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Monday, 8 April 2019


When I run poetry workshops, I often liken the process of writing a poem to that of baking a cake. This analogy helps even the least experienced writers realise that, with the right steps laid out, it is something they can do. I also think it provides a very useful structure for any poet who is thinking of running workshops themselves. Regardless of the 'theme' of the workshop, I think the following process, or set of steps, can prove extremely useful.

Step 1 - Ingredients

Before thinking of poetry or poems specifically, it is useful to gather together a set of ideas that may, at a later time in the workshop, find themselves part of the poem. How this is done could vary, but things like spider diagrams are very useful at this point. This can be done with any theme, but for the sake of this exposition let's use the theme of 'the ocean', which I recently used when working with a school for their 'Environment Week'. First of all you might model a spider diagram on the board, using the students' ideas, then everyone has a go at doing it themselves. The idea for this step is to be as unfiltered as possible, and to think as widely as one can, drawing out all different kinds of perhaps weird and wonderful associations. Other possible ideas for Step 1 might involve playing word games; the basic idea is for each workshop participant to have their page filled up with a 'bank' of ideas (ingredients) which may (or may not) get put to future use. The important thing is that this is done before writing the poem itself; after all, you can't make a cake without getting the ingredients first!

Step 2 - Recipes

As with cooking, it is also very hard to write without some kind of recipe. This is why they say that, in order to be a good writer, one also has to be a reader: without reading voraciously and widely, it is very hard to orient oneself, and to work out what it is that one is doing. Thus, after having encouraged students to gather together their ingredients, I like to present them with numerous ideas for how they might shape' the ideas into a poem. This usually takes the form of reading some poems (ideally more than one) together. These could be poems you have written yourself, or poems by other poets, or both. The purpose of this is to provide inspiration, and to expose students to the diversity of ways their proverbial cat might be skinned. What they now have, as well as their bank of ideas, is an appreciation for the various configurations for how they might fit together to form a poem.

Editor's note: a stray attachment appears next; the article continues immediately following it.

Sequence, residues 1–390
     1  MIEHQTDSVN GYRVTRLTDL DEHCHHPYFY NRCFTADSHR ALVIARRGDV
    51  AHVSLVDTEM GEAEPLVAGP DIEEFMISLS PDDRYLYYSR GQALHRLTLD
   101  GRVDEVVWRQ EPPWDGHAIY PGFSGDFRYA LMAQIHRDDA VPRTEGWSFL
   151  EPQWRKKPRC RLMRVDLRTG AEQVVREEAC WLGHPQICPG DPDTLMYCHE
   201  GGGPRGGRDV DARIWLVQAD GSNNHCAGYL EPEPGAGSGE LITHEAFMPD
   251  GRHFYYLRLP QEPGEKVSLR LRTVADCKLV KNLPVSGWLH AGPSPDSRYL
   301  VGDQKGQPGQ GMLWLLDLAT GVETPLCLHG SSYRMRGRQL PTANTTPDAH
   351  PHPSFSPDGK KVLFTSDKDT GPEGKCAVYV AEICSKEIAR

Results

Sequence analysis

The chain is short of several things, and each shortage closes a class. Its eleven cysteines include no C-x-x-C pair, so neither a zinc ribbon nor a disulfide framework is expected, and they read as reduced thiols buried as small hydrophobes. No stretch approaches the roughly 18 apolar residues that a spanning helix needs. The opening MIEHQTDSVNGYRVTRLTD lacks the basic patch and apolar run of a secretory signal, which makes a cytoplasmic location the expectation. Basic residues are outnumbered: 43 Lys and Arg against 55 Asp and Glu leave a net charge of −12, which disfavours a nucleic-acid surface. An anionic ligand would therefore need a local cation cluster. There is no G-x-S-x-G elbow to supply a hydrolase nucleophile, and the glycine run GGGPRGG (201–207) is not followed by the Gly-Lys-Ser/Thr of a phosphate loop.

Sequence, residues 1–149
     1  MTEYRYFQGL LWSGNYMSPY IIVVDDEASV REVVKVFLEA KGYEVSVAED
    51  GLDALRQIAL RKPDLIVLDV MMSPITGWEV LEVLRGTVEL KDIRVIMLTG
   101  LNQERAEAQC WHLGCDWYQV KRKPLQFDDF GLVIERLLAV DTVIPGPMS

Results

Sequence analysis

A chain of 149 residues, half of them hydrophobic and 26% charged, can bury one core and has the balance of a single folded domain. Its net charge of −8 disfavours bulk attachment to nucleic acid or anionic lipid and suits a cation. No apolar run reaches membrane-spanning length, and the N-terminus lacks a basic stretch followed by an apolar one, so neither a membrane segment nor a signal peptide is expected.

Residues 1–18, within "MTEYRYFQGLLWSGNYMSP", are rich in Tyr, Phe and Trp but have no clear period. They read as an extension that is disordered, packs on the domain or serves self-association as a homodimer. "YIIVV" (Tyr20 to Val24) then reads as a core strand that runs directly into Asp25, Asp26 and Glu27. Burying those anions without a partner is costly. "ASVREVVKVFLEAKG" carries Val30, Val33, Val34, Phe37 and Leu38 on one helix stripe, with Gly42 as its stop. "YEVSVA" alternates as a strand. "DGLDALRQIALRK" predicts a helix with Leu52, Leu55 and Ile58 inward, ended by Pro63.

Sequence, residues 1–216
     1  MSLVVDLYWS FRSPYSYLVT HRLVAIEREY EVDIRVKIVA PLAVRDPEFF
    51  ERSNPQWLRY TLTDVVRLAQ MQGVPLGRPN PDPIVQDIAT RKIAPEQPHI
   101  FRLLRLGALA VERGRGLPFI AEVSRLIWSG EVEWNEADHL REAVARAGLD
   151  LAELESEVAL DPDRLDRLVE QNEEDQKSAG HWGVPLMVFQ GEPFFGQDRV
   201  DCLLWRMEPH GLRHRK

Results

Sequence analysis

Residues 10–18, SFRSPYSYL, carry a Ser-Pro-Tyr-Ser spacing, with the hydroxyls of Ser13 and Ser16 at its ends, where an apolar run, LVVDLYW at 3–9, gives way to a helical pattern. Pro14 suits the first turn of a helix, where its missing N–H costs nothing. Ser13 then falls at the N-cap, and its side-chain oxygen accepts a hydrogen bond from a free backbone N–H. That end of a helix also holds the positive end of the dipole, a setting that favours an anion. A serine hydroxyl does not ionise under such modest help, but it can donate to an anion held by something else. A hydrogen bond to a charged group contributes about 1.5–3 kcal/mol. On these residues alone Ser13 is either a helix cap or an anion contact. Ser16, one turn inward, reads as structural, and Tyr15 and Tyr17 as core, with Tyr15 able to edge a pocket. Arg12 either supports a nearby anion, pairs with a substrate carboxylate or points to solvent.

Step 3 - Cooking

Students now have ideas, and some possible recipes. The idea is not to slavishly follow any one of these recipes (very young children might like to closely follow a scaffolded structure, but older pupils should be given more autonomy); rather, the purpose is to use the recipes as inspiration. I always say that, as a poet, I use other poets' work as just this kind of inspiration, and now the students have the same opportunity. Let's get cooking!


A related metaphor is that of the bonfire. Just as we started above with gathering a load of ingredients, we start here with gathering lots of firewood (i.e. ideas, which may or may not end up in the poem). The next step involves finding a 'match' to set those ideas alight. Unlike the 'recipes' above, this might be as simple as providing workshop participants with a short prompt, which will hopefully give them a spark to set their ideas alight. Take my idea above of 'the ocean': after each student gathered their firewood, the spark of an idea I gave them was to write from the perspective of the ocean (using the phrase "I am the ocean" as a starting point). Simple as that. But many students, armed now with their wood and their match, took the idea in some really interesting directions: their poems burned brightly. Personification, or altering perspectives, tends to work really well as a match. 

So there you have it: two very simple metaphors for how to run engaging, exciting and meaningful poetry workshops, on absolutely any theme you care to imagine.